The 3'-UTR of the glutamine-synthetase gene interacts specifically with upstream regulatory elements, contains mRNA-instability elements and is involved in glutamine sensing

V.S. Stanulovic, R.M. Garcia de Veas Lovillo, W.T. Labruyere, J.M. Ruijter, T.B.M. Hakvoort, W.H. Lamers*

*Corresponding author for this work

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Glutamine synthetase (GS) is expressed at various levels in a wide range of tissues, suggesting that a complex network of modules regulates its expression. We explored the interactions between the upstream enhancer, regulatory regions in the first intron, and the 3'-untranslated region and immediate downstream genomic sequences of the GS gene (the GS "tail"), and compared the results with those obtained previously in conjunction with the bovine growth hormone (bGH) tail. The statistical analysis of these interactions revealed that the GS tail was required for full enhancer activity of the combination of the upstream enhancer and either the middle or the 3'-intron element. The GS tail also prevented a productive interaction between the upstream enhancer and the 5'-intron element, whereas the bGH tail did not, suggesting that the 5'-intron element is a regulatory element that needs to be silenced for full GS expression. Using the CMV promoter/enhancer and transfection experiments, we established that the 2.8 kb GS mRNA polyadenylation signal is ~10-fold more efficient than the 1.4 kb mRNA signal. Because the steady-state levels of both mRNAs are similar, the intervening conserved elements destabilize the long mRNA. Indeed, one but not all constructs containing these elements had a shorter half life in FTO-2B cells. A construct containing only 300 bases before and 100 bases after the 2.8 kb mRNA polyadenylation site sufficed for maximal expression. A stretch of 21 adenines inside this fragment conferred, in conjunction with the upstream enhancer and the 3'-part of the first intron, sensitivity of GS expression to ambient glutamine. AD - AMC Liver Center and Department of Anatomy and Embryology, Academic Medical Center, University of Amsterdam, Meibergdreef 69-71, 1105 BK Amsterdam, The Netherlands.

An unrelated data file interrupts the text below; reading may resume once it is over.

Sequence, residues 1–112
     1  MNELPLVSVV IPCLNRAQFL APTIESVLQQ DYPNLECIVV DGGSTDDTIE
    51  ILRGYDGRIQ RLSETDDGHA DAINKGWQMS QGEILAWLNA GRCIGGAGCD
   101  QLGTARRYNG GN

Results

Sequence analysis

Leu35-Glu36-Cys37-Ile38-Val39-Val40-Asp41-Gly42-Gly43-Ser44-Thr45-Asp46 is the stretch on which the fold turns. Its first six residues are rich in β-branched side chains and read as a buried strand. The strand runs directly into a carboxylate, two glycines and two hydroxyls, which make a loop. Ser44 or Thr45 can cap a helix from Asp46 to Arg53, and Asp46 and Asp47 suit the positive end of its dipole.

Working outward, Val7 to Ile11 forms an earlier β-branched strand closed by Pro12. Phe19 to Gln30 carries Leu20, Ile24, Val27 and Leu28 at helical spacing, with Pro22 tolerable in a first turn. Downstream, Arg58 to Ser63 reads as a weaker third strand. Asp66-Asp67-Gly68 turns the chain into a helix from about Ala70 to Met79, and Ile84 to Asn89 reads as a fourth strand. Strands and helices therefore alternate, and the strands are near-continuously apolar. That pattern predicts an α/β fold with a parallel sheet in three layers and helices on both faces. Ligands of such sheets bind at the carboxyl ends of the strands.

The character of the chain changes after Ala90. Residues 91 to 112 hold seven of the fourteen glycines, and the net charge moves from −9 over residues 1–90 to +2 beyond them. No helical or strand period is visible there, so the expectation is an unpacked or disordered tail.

Original languageEnglish
Pages (from-to)1255-1264
Issue number9
Publication statusPublished - 1 Jan 2006

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